Review: Hunger by Knut Hamsun

Hunger Cover Hunger [1890/1996] – ★★★★★

Knut Hamsun is a Nobel Prize Winner for Literature whose existentialist literary work Hunger predates Franz Kafka’s The Trial [1925] and Albert Camus’ The Stranger [1942]. Translated from the Norwegian by Sverre Lyngstad, Hunger explores the daily life of one lonely and desperate man on the brink of starvation in a large city. Our unnamed narrator is a freelance writer who has one “ambition” in his life: not to die from hunger. He is hard-working and not demanding, with food and shelter being his main wishes. Hamsun explores mental and physical traumas of the character in a masterful work that inspired some of the greatest philosophical fiction authors of the twentieth century, emphasising in his work that the fight to survive in a big city may take a shape of complete absurdity.

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Review: The Disappearance of Adèle Bedeau by Graeme Macrae Burnet

The Disappearance of Adele Bedeau Cover The Disappearance of Adèle Bedeau [2014] – ★★★★★

Graeme Macrae Burnet is a Scottish author best known for his Man Booker Prize nominated novel His Bloody Project [2015]. The Disappearance of Adèle Bedeau is his debut novel written in a style of a French mystery novel and film noir. Dark and intriguing, the novel tells the story of thirty-six-year old Manfred Baumann, a reclusive, lonely and socially awkward bank worker who spends his evenings in the local Restaurant de la Cloche, Saint-Louis, France. When one attractive waitress of the restaurant – Adèle Bedeau disappears after a night-out, Detective Georges Gorski’s suspicions soon fall on Manfred Baumann and one unsolved past criminal case regains its spotlight. The Disappearance of Adèle Bedeau is written in that nostalgic style of old French mystery novels, echoing the works of Georges Simenon (Burnet’s favourite book is Simenon’s The Little Man from Archangel [1957]) or existential literature, such as Ernesto Sabato’s El Tunel [1948]. The Disappearance of Adèle Bedeau is an impressive, understated literary mystery with many subtle elements, convincing psychological character study, and one atmospheric setting. Continue reading “Review: The Disappearance of Adèle Bedeau by Graeme Macrae Burnet”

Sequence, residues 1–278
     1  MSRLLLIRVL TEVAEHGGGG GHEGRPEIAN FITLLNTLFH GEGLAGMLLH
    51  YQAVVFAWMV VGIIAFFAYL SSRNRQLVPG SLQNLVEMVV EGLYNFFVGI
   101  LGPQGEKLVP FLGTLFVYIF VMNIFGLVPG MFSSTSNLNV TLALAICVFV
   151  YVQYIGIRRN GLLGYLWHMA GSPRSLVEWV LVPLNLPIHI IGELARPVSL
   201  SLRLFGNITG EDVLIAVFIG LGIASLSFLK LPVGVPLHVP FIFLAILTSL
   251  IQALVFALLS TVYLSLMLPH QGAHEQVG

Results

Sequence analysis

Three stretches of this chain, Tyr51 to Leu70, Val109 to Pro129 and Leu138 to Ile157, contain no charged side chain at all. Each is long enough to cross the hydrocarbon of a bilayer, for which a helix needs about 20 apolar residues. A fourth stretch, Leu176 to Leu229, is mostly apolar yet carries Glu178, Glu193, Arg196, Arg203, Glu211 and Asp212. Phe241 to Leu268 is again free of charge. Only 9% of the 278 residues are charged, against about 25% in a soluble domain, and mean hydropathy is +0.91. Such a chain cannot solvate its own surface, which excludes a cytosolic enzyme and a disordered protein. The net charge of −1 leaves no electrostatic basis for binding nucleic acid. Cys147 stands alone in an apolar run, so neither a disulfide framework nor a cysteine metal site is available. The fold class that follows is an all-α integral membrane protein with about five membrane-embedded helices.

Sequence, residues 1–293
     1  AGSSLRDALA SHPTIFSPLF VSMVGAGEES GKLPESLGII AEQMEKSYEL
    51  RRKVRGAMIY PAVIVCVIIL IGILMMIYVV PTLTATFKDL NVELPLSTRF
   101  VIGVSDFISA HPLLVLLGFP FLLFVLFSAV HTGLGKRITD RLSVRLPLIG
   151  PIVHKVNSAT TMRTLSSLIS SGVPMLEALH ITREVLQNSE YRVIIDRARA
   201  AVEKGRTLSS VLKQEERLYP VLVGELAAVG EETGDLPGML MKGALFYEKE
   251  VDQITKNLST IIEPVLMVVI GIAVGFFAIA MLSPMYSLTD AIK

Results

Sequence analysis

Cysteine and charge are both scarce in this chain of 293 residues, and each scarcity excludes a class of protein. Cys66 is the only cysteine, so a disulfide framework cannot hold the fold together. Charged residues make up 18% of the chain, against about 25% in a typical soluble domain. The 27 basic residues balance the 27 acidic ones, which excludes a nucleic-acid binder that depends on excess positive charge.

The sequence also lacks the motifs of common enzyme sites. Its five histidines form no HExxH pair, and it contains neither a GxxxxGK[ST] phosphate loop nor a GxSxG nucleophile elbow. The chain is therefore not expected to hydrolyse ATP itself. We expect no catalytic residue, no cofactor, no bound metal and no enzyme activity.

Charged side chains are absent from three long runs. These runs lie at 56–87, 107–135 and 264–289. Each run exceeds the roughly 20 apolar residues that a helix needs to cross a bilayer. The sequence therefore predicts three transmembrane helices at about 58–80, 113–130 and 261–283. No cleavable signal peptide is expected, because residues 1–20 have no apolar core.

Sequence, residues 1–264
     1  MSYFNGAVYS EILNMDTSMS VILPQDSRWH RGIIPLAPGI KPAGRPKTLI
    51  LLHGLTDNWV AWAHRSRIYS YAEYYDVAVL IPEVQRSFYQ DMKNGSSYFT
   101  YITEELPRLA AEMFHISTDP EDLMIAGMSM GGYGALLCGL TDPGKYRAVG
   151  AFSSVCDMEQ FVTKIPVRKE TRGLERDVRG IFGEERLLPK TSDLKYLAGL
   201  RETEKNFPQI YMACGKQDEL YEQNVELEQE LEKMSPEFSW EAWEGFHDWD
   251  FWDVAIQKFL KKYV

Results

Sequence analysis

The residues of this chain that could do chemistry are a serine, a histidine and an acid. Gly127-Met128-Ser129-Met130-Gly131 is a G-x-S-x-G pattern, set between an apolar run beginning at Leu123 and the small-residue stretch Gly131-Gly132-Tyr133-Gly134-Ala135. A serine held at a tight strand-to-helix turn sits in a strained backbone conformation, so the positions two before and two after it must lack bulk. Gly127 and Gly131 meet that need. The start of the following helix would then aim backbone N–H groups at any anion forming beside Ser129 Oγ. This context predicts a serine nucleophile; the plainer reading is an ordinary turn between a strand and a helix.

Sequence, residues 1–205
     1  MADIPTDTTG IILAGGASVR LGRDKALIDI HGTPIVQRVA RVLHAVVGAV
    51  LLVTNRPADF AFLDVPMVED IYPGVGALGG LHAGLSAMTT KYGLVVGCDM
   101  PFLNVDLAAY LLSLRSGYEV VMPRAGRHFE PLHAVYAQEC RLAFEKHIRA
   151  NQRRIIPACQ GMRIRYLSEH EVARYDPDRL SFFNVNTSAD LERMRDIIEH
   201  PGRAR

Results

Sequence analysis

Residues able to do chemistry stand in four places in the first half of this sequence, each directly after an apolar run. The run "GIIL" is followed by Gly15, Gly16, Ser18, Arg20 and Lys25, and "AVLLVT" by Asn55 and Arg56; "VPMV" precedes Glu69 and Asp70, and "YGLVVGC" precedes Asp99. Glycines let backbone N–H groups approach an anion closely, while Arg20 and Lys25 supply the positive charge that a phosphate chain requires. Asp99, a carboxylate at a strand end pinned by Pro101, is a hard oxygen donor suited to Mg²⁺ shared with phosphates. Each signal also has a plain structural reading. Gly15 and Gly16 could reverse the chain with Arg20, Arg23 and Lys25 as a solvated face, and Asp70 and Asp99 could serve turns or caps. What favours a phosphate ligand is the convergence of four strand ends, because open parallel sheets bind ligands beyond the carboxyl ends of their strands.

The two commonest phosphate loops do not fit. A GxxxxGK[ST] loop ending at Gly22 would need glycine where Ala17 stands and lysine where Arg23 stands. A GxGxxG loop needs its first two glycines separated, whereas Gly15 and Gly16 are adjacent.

Opinion: Hergé’s “Prisoners of the Sun (Le Temple du Soleil)” [1949]

The Adventures of Tintin:Le Temple du Soleil Cover Prisoners of the Sun ]1949]

I will begin by saying that I love The Adventures of Tintin comic albums. They are exciting and entertaining stories. I lived in Brussels for some time, and that is the place to be if you want to be converted into a fan of Franco-Belgian comics (for example, there is a Tintin shop in Brussels and murals depicting Tintin adventures). Even though I realise that the comics are products of their time, and are supposed to be fun, light-hearted stories not to be taken seriously, I still find Herge’s Prisoners of the Sun a problematic one, especially in what it ultimately suggests and implies, as well as in the main message it sends out in the end (for other articles hinting at the comics’ problematic nature, including allegations of racism, see here and here). Continue reading “Opinion: Hergé’s “Prisoners of the Sun (Le Temple du Soleil)” [1949]”

Review: The Editor by Steven Rowley

The Editor Book Cover The Editor [2019] – ★★1/2

In this story by Steven Rowley, author of the debut novel Lily and the Octopus [2016], a struggling writer James Smale lands a book deal, and his editor ends up being no other than Jacqueline Kennedy Onassis, yes, the former First Lady of the United States. For James, it is like a dream-come-true situation, and, as he deepens his friendship with his famous editor, he realised he has to confront the painful issues surrounding the reason why he began writing his novel The Quarantine in the first place. Ms Kennedy Onassis wants James to open up about his mother and surprising family secrets emerge. The Editor, which is set in 1990s New York City, is quirky and humorous, but it is also a self-indulgent and pretentious book which suffers from a dull, predictable and melodramatic plot. Continue reading “Review: The Editor by Steven Rowley”